While Bartholet noted that the growth of homeschooling was partly fueled by conservative evangelicals who were unsuccessful in their battles with secular education in public schools, she also accused them of having bad motives. She said homeschooling parents are racist, misogynist, and “extreme ideologues” who are not adequately educating their children at home.

Bartholet blamed the homeschooling lobby for the lack of regulations in many states.

In an interview with The Christian Post, Schmidt of HSLDA said states do have regulations in places and parents who aren’t educating their children face penalties.

“While each state is different in how homeschooling is regulated, every state requires parents to ensure that children are being educated. And without exception, every state has penalties for failing to do so,” he said.

“There are extremely few cases of parents keeping their children home and not educating them. In these cases, there are many other problems occurring. And when a child is being neglected or abused in any way, every state can and should intervene on behalf of the child.”

Bartholet also blamed the homeschool lobby for what she sees as lax state regulations and laments that homeschooling parents have been successful at engaging and persuading lawmakers on the issue when new regulations are considered.

Homeschooling parents and advocates are indeed vigilant when it comes to state encroachment on home education, Schmidt said.

People often forget that in the 1980s and ’90s, parents were being prosecuted all over the country for teaching their own children without a state-approved teaching credential, Schmidt noted. HSLDA was instrumental in removing those restrictions.

A Message from

“Homeschool families and advocates (local and state homeschool groups, HSLDA, lovers of school choice, etc.) often do respond when legislators introduce measures that seek to limit the flexibility and freedom of private home education. Homeschooling is most successful when parents, acting in the best interest of their child, are free to develop an individualized educational program best suited to the needs and abilities of their child,” Schmidt said.

“We believe that no one cares more for a child than their parent. However, HSLDA understands that the state does have a responsibility to ensure that a basic education is taking place to ensure that every individual is literate and self-sufficient.”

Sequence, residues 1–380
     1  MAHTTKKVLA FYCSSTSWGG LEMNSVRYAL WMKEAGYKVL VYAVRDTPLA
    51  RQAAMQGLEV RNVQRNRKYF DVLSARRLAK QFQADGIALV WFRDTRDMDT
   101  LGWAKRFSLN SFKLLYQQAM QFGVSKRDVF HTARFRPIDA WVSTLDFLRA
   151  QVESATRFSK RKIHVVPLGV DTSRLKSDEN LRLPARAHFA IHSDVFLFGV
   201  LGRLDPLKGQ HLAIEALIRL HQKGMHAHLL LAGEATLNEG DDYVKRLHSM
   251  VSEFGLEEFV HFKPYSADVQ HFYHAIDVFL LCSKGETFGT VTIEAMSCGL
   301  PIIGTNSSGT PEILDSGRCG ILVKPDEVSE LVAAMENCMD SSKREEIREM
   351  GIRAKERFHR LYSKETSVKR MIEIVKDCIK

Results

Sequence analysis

HSLDA’s position, he said, is that the state’s responsibility does not kick in unless the
parent is unwilling or unable to ensure these basic needs are met.

Bartholet contended that unregulated homeschooling endangers children because they are at risk of not learning basic academic skills. She argued that studies that show homeschool students perform just as well as kids in “regular schools” are “junk social science.”

Schmidt disagreed, arguing that government regulation can limit the creativity and flexibility that’s vital to homeschooling.

“No research has shown that increased regulation of home education has a significant effect on standardized test scores,” he said. “Research has shown that parental involvement is one of the main keys to academic success. Parents who want the best for their children and are willing to commit to educating them at home is what makes homeschooling successful. Government regulation often limits the creativity and flexibility that is so vital to homeschooling.”

Homeschooling, Schmidt said, offers flexibility where children can pursue their passion and interests while immersed in real life. He added that it’s centered around a “growth mindset” and a desire to ignite a love of learning instead of merely teaching to a standardized test.

In an earlier interview with Harvard magazine, Bartholet said homeschooling in its present form should be banned.

But after most public and private schools nationwide were closed and moved to online education in a home setting during the coronavirus pandemic, survey data has shown that an increasing number of parents are considering homeschooling after public schools reopen in the fall.

Additionally, one in five teachers said they’re unlikely to return to reopened classrooms this fall, according to a USA Today/Ipsos poll.

Bartholet has also criticized what she’s calls “parents’ rights absolutism” and wrote a piece published last June in the Arizona Law Review on the topic, titled “Homeschooling: Parent Rights Absolutism vs. Child Rights to Education & Protection.”

She told Harvard magazine, “The issue is, do we think that parents should have 24/7, essentially authoritarian control over their children from ages zero to 18?”

“I think that’s dangerous. I think it’s always dangerous to put powerful people in charge of the powerless, and to give the powerful ones total authority.”

Bartholet was scheduled to host an invite-only conference about homeschooling at Harvard this summer, but the event was canceled due to concerns about spreading the coronavirus.